One could imagine the controls operating in such a way that if only one of the two nucleotides were required, there would be a partial inhibition of de novo synthesis because of high levels of the other and the IMP synthesized would be directed toward the synthesis of the required nucleotide. If both nucleotides were present in adequate amounts, their synergistic effect on the amidotransferase would result in almost complete inhibition of de novo synthesis.
De Novo Synthesis of Pyrimidine Nucleotides
Since pyrimidine molecules are simpler than purines, so is their synthesis simpler but is still from readily available components. Glutamine's amide nitrogen and carbon dioxide provide atoms 2 and 3 or the pyrimidine ring. They do so, however, after first being converted to carbamoyl phosphate. The other four atoms of the ring are supplied by aspartate. As is true with purine nucleotides, the sugar phosphate portion of the molecule is supplied by PRPP.
Pyrimidine synthesis begins with carbamoyl phosphate synthesized in the cytosol of those tissues capable of making pyrimidines (highest in spleen, thymus, GItract and testes). This uses a different enzyme than the one involved in urea synthesis. Carbamoyl phosphate synthetase II (CPS II) prefers glutamine to free ammonia and has no requirement for N-Acetylglutamate.
Carbamoyl phosphate condenses with aspartate in the presence of aspartate transcarbamylase to yield N-carbamylaspartate which is then converted to dihydroorotate.
In man, CPSII, asp-transcarbamylase, and dihydroorotase activities are part of a multifunctional protein.
Oxidation of the ring by a complex, poorly understood enzyme produces the free pyrimidine, orotic acid. This enzyme is located on the outer face of the inner mitochondrial membrane, in contrast to the other enzymes which are cytosolic. Note the contrast with purine synthesis in which a nucleotide is formed first while pyrimidines are first synthesized as the free base.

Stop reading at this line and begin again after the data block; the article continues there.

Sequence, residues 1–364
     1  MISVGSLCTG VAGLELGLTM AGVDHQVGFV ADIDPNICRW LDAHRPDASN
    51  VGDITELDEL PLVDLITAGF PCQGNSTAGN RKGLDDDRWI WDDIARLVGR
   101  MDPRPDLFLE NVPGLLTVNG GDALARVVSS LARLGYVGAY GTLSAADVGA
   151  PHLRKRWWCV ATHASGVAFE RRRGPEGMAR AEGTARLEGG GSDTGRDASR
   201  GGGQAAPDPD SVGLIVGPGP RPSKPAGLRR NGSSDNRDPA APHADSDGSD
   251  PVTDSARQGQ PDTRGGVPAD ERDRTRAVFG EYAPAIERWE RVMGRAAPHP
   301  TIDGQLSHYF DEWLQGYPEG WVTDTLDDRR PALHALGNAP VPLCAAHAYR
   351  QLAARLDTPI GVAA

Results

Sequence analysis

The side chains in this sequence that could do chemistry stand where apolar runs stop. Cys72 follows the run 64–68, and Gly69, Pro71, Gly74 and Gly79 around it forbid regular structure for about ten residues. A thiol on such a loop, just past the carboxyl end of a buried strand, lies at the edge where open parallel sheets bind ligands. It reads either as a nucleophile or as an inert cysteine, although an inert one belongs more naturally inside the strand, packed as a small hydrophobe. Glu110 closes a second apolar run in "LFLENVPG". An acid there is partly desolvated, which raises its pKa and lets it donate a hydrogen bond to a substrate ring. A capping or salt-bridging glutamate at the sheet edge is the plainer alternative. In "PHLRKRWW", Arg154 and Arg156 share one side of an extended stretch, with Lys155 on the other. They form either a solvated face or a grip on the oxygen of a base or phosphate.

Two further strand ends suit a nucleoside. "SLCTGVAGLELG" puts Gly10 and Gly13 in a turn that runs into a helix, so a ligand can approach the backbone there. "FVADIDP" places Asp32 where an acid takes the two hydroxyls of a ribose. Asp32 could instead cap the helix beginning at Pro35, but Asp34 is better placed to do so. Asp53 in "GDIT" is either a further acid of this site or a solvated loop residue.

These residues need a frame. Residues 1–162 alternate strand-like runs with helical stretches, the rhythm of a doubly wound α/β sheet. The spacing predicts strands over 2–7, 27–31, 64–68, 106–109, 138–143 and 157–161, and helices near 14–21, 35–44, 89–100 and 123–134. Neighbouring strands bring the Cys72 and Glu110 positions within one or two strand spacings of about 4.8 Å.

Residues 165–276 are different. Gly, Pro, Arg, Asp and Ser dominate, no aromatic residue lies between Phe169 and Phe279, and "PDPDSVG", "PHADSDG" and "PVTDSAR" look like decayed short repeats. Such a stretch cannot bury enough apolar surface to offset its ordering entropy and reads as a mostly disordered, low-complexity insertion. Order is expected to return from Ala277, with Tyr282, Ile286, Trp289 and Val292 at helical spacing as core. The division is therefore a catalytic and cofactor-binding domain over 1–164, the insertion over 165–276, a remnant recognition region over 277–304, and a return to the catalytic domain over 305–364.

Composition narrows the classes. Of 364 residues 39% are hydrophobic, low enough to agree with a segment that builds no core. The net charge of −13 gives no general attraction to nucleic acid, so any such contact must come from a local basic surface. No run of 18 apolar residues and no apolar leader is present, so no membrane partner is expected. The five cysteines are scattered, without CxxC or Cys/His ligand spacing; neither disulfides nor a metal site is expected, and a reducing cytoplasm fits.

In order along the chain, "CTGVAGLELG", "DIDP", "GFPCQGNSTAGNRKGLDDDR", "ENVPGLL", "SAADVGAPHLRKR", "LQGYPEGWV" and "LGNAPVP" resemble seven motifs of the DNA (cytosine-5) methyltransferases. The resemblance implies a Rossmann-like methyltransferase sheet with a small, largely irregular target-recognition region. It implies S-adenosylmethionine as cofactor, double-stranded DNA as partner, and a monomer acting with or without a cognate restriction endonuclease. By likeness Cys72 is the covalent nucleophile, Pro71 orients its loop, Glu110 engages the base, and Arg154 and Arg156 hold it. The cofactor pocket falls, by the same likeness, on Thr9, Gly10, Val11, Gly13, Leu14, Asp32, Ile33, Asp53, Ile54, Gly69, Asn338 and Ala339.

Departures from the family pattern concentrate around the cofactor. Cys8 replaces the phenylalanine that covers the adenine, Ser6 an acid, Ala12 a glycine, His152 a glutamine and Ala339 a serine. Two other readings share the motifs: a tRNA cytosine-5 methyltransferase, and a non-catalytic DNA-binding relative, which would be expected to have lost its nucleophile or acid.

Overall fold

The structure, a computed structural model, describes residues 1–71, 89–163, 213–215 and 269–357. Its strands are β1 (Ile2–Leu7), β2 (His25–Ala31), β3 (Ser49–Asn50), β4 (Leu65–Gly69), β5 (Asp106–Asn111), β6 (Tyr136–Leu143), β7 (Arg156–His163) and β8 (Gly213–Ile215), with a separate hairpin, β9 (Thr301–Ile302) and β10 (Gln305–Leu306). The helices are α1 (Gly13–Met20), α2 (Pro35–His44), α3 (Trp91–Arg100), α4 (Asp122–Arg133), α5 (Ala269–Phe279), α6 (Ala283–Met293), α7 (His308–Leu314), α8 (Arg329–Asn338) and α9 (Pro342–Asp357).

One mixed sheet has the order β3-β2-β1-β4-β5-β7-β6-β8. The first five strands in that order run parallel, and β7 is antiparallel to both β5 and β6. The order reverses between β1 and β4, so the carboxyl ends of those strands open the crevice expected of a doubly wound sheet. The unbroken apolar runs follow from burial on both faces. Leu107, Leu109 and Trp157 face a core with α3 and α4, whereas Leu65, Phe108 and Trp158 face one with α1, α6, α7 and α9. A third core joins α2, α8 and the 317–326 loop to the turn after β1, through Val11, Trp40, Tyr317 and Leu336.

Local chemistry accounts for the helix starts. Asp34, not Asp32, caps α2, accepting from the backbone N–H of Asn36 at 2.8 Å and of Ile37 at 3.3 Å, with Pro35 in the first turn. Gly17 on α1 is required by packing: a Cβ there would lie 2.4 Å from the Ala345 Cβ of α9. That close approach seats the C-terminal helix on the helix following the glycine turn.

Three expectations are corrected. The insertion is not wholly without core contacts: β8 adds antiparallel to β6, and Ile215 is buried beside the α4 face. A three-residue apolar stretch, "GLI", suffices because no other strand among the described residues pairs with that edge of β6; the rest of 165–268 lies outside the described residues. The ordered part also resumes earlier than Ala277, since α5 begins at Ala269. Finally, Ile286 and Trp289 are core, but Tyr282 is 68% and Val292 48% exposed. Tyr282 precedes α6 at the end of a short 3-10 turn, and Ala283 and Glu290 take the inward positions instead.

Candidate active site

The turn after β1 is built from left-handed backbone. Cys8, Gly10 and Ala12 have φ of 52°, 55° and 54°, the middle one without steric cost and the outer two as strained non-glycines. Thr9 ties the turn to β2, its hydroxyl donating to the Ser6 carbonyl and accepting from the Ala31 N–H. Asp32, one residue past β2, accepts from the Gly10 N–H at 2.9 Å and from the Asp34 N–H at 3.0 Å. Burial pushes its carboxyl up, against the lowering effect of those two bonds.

Orotic acid is converted to its nucleotide with PRPP. OMP is then converted sequentially - not in a branched pathway - to the other pyrimidine nucleotides. Decarboxylation of OMP gives UMP. O-PRT and OMP decarboxylase are also a multifunctional protein. After conversion of UMP to the triphosphate, the amide of glutamine is added, at the expense of ATP, to yield CTP.
The control of pyrimidine nucleotide synthesis in man is exerted primarily at the level of cytoplasmic CPS II. UTP inhibits the enzyme, competitively with ATP. PRPP activates it. Other secondary sites of control also exist (e.g. OMP decarboxylase is inhibited by UMP and CMP). These are probably not very important under normal circumstances.
In bacteria, aspartate transcarbamylase is the control enzyme. There is only one carbamoyl phosphate synthetase in bacteria since they do not have mitochondria. Carbamoyl phosphate, thus, participates in a branched pathway in these organisms that leads to either pyrimidine nucleotides or arginine.
Interconversion of Nucleotides
The monophosphates are the forms synthesized de novo although the triphosphates are the most commonly used forms. But, of course, the three forms are in equilibrium. There are several enzymes classified as nucleoside monophosphate kinases which catalyze the general reaction:(= represents a reversible reaction)
Base-monophosphate + ATP = Base-diphosphate + ADP
e.g. Adenylate kinase: AMP + ATP = 2 ADP
There is a different enzyme for GMP, one for pyrimidines and also enzymes that recognize the deoxy forms.
Similarly, the diphosphates are converted to the triphosphates by nucleoside diphosphate kinase:
BDP + ATP = BTP + ADP
There may be only one nucleoside diphosphate kinase with broad specificity. One can legitimately speak of a pool of nucleotides in equilibrium with each other.
Salvage of Bases
Salvaging of purine and pyrimidine bases is an exceedingly important process for most tissues. There are two distinct pathways possible for salvaging the bases.
The more important of the pathways for salvaging purines uses enzymes called phosphoribosyltransferases (PRT):
PRTs catalyze the addition of ribose 5-phosphate to the base from PRPP to yield a nucleotide.:
Base + PRPP = Base-ribose-phosphate (BMP) + PPi